Bethlehem Lutheran Church, Fergus Falls, MN
April 12, 2015
Second Sunday of Easter
If faith was something you could cook up in a kitchen, how would you do it? What equipment would you use—a microwave oven? Or a crockpot?
I know that sounds silly, but play with me for just a few moments. Is faith an instant micro-wave thing or a slow-cooking crockpot thing?
It’s tempting to say that faith is obviously a microwave matter. It comes as a sheer gift from God, transforms us at our core, makes the lightbulb come on—just like that!
Here in John 20, Thomas (who was absent when the Risen Jesus first appeared to his disciples Easter evening)…..Thomas, having voiced his doubts about the resurrection, shows up with his fellow disciples one week later…..Thomas is there, he sees Jesus with his own two eyes (doesn’t even have to touch Jesus’ scars as he said he would)….and Thomas just blurts out: “My Lord and my God.”
Set the microwave on 10 seconds cook-time and out pops the grandest confession of faith in the whole Gospel of John!
And that’s how it happens, or seems to happen, for many folks.
It’s an especially American thing, this predilection for imagining faith as a micro-wave, all-at once-reality.
American Evangelicals, long before Billy Graham, championed the revival meeting as the best means for evangelizing and bringing persons to faith.
Lay down some sawdust, pitch a huge tent, bring in a fiery preacher, round up all the local sinners, sit them down in the front row for a rip-roaring sermon, plead with them to “make their decision,” help them pray the sinners’ prayer, and convert those lost ones! Usher them from sin to salvation, from death to life, right here, right now—just like that.
We may roll our eyes when we hear stuff like that, but honestly, don’t we Lutherans have our own take on “microwave-faith?”
In fact, we saw it happen just moments ago.
Sienna and Oliver were brought to the baptismal font, and in the twinkling of an eye they were rescued by the water of their Baptism into Christ, transferred from the kingdom of darkness to the kingdom of light, signed, sealed and delivered into the loving arms of God forever.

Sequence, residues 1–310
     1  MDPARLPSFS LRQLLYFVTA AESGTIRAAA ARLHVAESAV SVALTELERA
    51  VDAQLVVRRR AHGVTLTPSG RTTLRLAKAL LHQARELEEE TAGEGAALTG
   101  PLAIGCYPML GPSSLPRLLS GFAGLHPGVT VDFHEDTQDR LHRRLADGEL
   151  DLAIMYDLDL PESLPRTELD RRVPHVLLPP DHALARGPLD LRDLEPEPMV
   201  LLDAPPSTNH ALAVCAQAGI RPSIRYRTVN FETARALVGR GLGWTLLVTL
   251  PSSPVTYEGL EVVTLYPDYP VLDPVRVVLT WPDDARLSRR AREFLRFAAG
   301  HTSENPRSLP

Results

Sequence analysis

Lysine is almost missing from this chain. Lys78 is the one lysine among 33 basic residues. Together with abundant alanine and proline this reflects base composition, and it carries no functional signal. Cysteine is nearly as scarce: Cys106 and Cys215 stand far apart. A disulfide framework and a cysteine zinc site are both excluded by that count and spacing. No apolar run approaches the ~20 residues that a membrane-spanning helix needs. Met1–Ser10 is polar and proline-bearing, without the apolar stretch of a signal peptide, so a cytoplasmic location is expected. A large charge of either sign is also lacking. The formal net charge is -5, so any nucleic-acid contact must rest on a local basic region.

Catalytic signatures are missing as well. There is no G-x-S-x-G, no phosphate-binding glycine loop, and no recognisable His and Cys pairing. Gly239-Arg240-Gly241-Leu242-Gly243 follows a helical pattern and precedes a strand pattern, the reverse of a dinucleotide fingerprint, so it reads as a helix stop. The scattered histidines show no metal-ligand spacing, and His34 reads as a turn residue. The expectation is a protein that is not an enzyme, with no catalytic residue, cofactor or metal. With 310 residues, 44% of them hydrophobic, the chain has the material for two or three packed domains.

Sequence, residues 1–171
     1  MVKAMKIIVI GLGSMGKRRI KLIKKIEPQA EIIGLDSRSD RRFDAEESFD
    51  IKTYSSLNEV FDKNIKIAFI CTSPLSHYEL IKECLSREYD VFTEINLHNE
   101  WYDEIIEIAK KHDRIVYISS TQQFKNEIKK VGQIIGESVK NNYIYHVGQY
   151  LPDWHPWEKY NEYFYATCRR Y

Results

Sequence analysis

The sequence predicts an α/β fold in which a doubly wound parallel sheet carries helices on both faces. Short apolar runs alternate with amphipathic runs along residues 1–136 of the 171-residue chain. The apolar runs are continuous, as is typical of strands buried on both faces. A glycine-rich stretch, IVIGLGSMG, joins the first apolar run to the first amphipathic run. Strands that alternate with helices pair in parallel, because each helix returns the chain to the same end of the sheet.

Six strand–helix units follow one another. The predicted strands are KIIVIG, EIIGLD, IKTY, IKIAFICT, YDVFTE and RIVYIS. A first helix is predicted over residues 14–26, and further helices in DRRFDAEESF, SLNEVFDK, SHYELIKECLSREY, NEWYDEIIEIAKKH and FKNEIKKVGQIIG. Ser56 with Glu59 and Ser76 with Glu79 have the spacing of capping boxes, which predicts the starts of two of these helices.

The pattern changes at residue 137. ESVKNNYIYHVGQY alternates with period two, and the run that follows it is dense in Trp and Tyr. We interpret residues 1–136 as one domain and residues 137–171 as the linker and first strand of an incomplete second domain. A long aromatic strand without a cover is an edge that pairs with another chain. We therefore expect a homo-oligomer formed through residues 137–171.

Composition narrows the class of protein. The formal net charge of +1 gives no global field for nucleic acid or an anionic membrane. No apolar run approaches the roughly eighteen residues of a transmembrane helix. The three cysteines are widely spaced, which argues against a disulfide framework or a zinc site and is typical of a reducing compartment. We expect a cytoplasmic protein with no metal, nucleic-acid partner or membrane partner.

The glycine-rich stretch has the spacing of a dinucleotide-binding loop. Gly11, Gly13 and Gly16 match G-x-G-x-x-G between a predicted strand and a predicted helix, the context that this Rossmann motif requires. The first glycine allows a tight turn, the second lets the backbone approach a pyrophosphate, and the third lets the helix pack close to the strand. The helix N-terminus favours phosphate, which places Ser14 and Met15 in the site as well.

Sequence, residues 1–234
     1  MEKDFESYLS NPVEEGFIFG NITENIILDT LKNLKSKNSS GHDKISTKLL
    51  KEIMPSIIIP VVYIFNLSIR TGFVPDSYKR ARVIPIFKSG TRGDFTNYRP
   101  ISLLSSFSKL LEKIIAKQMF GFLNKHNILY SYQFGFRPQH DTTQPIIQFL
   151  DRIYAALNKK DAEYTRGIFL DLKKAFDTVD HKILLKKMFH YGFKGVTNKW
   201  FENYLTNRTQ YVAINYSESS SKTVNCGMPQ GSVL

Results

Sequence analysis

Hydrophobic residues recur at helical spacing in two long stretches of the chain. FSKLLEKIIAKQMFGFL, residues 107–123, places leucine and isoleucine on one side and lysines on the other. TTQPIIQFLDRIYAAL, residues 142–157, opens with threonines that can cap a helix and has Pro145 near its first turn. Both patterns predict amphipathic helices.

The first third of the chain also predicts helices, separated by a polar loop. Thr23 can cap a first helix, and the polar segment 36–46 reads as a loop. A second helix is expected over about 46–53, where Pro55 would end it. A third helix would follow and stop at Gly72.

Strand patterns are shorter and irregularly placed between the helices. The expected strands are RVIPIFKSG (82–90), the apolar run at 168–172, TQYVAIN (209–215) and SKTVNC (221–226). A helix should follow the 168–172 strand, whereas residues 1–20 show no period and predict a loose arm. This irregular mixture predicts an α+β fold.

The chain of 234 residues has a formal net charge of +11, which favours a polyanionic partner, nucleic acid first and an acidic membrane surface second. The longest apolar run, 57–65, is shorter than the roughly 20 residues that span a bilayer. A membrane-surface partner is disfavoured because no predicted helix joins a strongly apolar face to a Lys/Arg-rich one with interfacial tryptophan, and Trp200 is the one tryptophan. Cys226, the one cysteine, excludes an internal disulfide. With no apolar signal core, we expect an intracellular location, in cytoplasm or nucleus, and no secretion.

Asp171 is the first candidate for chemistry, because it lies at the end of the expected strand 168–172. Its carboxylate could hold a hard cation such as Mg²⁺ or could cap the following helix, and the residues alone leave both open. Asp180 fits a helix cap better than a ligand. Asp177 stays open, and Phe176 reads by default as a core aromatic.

Set the microwave on 10 seconds—and the deed is done!
And we really and truly do mean that. Baptism into the life, death and resurrection of Jesus….being buried with Christ and raised with Christ in baptism…..this “baptism now saves [us]” as it says quite clearly in I Peter 3:21.
So there you have it: whether you’re an American Evangelical or a true-blue Lutheran….faith is clearly a microwave thing. Faith comes to us from heaven above, faith changes us and makes us new, just like that!
Except that it doesn’t always happen that way….or, more accurately, faith doesn’t happen only in that way.
There is this another way. Faith and dwelling in faith often seems more like a slow-cooking, long-stewing crockpot.
So here in John 20, it’s not the first time we meet the disciple Thomas.
Although he’s mentioned in all four gospels, Thomas only speaks here in John’s Gospel. Thomas has four brief “lines” in John’s dramatic script—and when Thomas speaks, it’s always with the voice of cold, hard realism.
In John, chapter 11, when Jesus tells his disciples that his friend Lazarus has died and they must go to him, Thomas--always Mr. Sunshine!--glumly responds: “Let us also go, that we may die with him.”
In John 14, just after Jesus tells his disciples that they know the way to the place where he is going, Thomas the Realist begs to differ: “Lord, we do not know where you are going. How can we know the way?”